Briefly the Cooper patent application discloses an invisible door arrangement that comprises two self hinging sheet metal doors that are attached to a substrate frame, a vinyl plastic skin or shell that forms part of the decorative covering of the instrument panel, and an intermediate foam layer. The internal surface of the plastic shell is scored in an H-shaped pattern to provide weakened areas or tear lines that are ruptured to create an opening in the plastic shell when the airbag is deployed.

Invisible door arrangements of the type exemplified by the Cooper patent application are generally designed to operate in environments ranging from a low temperature of about -20 degrees fahrenheit to a high temperature of about 170 degrees fahrenheit. Many of these invisible door arrangements comprise a polyvinyl chloride (PVC) thermoplastic shell that tends to become brittle at the low temperature end. Consequently invisible door arrangements that have an outer PVC shell tend to experience some fragmentation that produces debris when the PVC shell is ruptured during airbag deployment at the low temperature end. On the other hand, a PVC shell tends to soften at the high temperature end. Consequently invisible door arrangements that have an outer PVC shell also tend to overstretch and increase the time for the tear lines to rupture when the airbag is deployed at the high temperature end.

SUMMARY OF THE INVENTION

The object of this invention is to improve the performance of an invisible airbag door arrangement that has an outer PVC shell that is ruptured and pushed open during airbag deployment, particularly at the low and high temperature ends of its operating range.

A feature of the invention is that the invisible airbag door arrangement incorporates and reinforces a rupturable PVC shell in a way that minimizes or at least reduces shell fragmentation when the airbag is deployed.

Another feature of the invention is that the invisible airbag door arrangement incorporates and reinforces a rupturable PVC shell in a way that minimizes or at least reduces shell expansion when the airbag is deployed.

Still another feature of the invention is that the invisible airbag door arrangement incorporates and reinforces a rupturable PVC shell in a way that minimizes or at least reduces the time required to rupture the PVC shell and create an opening when the airbag is deployed.

Still yet another feature of the invention is that the invisible airbag door arrangement incorporates and reinforces a rupturable PVC shell in a way that improves adhesion of the PVC shell when it is used in conjunction with an elastomeric urethane foam layer.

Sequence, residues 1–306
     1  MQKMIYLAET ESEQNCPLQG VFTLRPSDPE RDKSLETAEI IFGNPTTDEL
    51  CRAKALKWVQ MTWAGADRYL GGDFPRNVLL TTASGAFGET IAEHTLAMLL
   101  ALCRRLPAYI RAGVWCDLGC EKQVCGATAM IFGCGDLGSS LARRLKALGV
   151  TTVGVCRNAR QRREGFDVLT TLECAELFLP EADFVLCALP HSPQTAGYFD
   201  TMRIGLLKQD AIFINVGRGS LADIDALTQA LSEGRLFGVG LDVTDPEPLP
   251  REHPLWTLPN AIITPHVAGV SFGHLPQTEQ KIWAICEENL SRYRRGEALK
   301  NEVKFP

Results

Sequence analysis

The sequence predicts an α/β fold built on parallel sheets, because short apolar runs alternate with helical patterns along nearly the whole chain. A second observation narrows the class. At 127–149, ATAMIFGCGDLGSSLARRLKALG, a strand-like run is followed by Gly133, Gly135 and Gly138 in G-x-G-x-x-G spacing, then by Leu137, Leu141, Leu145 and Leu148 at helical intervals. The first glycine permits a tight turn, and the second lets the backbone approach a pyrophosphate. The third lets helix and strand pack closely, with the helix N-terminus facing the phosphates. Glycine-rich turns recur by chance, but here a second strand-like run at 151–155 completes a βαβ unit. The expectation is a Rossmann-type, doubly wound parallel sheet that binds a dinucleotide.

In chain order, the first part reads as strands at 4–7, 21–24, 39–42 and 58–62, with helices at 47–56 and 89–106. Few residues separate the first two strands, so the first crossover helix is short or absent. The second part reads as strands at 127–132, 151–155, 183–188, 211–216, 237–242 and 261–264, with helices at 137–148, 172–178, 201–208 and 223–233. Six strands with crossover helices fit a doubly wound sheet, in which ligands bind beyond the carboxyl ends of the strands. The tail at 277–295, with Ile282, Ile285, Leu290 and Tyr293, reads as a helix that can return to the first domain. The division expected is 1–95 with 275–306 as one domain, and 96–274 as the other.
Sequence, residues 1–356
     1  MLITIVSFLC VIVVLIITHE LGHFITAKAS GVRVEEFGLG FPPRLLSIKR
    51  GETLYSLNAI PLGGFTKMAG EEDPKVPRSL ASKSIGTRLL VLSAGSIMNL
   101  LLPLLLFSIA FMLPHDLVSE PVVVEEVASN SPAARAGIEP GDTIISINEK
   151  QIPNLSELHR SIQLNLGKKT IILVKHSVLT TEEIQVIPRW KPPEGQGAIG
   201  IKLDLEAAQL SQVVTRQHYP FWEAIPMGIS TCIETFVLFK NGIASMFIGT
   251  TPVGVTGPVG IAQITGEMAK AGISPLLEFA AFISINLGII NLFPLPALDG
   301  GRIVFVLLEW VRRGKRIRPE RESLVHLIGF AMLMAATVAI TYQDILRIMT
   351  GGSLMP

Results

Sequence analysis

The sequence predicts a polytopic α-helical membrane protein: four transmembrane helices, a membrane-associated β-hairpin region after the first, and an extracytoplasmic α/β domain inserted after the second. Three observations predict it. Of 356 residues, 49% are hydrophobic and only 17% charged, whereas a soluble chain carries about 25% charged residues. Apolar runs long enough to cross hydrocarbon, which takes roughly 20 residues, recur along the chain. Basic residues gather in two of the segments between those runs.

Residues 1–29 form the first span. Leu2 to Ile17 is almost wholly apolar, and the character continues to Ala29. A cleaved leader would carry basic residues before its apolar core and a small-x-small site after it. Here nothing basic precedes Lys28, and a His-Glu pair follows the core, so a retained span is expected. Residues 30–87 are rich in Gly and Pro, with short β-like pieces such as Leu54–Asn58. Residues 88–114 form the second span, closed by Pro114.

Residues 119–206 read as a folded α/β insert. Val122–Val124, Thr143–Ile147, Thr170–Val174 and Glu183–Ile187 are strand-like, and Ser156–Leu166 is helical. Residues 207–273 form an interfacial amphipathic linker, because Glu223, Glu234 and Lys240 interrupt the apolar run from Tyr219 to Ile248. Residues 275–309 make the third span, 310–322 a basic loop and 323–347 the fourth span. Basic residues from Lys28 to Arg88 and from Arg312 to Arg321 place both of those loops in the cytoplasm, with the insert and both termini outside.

BRIEF DESCRIPTION OF THE DRAWINGS

The above and other objects, features and advantages of the invention will become more apparent from the following description taken in conjunction with the accompanying drawings wherein like references refer to like parts and wherein:

FIG. 1 is a fragmentary perspective view of an automotive passenger compartment having an instrument panel that is equipped with a passenger side airbag and an invisible door arrangement of this invention for generating an opening in the instrument panel for the deployment of the airbag;

FIG. 2 is a section taken substantially along the line 2--2 of FIG. 1 looking in the direction of the arrows showing the invisible door arrangement of this invention installed in an instrument panel; and

FIG. 3 is a rear view of the reinforced PVC shell shown in FIGS. 1 and 2 taken substantially along the line 3--3 of FIG. 2 looking in the direction of the arrows.

DESCRIPTION OF THE INVENTION

Referring now to the drawing, an automotive passenger compartment 10 has an instrument panel 16 that forms part of the decorative interior trim panels of the automobile. Passenger compartments, particularly front seat passenger compartments, now often include driver side and passenger side airbags that are deployed to protect the driver and passenger in the event of a collision.

The airbags are typically housed in a receptacle or canister that is mounted behind a steering wheel pad for the driver or behind the instrument panel for the passenger. In either event, the airbag is located behind a decorative panel that must be provided with an opening for deployment of the airbag in some fashion when the airbag is deployed.

The invisible door arrangement of this invention provides such an opening in a decorative panel for deployment of the airbag responsive to inflation of the airbag.